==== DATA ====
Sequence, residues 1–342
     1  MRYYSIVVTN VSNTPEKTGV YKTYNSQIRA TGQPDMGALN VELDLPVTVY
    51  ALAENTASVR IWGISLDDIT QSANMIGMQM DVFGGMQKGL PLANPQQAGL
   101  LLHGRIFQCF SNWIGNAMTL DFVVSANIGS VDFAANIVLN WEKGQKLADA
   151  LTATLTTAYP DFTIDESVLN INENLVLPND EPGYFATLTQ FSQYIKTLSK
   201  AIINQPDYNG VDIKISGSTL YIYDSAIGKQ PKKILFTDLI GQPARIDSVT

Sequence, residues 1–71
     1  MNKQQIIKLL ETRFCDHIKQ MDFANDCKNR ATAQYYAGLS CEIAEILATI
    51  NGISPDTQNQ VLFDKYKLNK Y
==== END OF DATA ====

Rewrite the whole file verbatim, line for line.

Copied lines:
Sequence, residues 1–342
     1  MRYYSIVVTN VSNTPEKTGV YKTYNSQIRA TGQPDMGALN VELDLPVTVY
    51  ALAENTASVR IWGISLDDIT QSANMIGMQM DVFGGMQKGL PLANPQQAGL
   101  LLHGRIFQCF SNWIGNAMTL DFVVSANIGS VDFAANIVLN WEKGQKLADA
   151  LTATLTTAYP DFTIDESVLN INENLVLPND EPGYFATLTQ FSQYIKTLSK
   201  AIINQPDYNG VDIKISGSTL YIYDSAIGKQ PKKILFTDLI GQPARIDSVT

Sequence, residues 1–71
     1  MNKQQIIKLL ETRFCDHIKQ MDFANDCKNR ATAQYYAGLS CEIAEILATI
    51  NGISPDTQNQ VLFDKYKLNK Y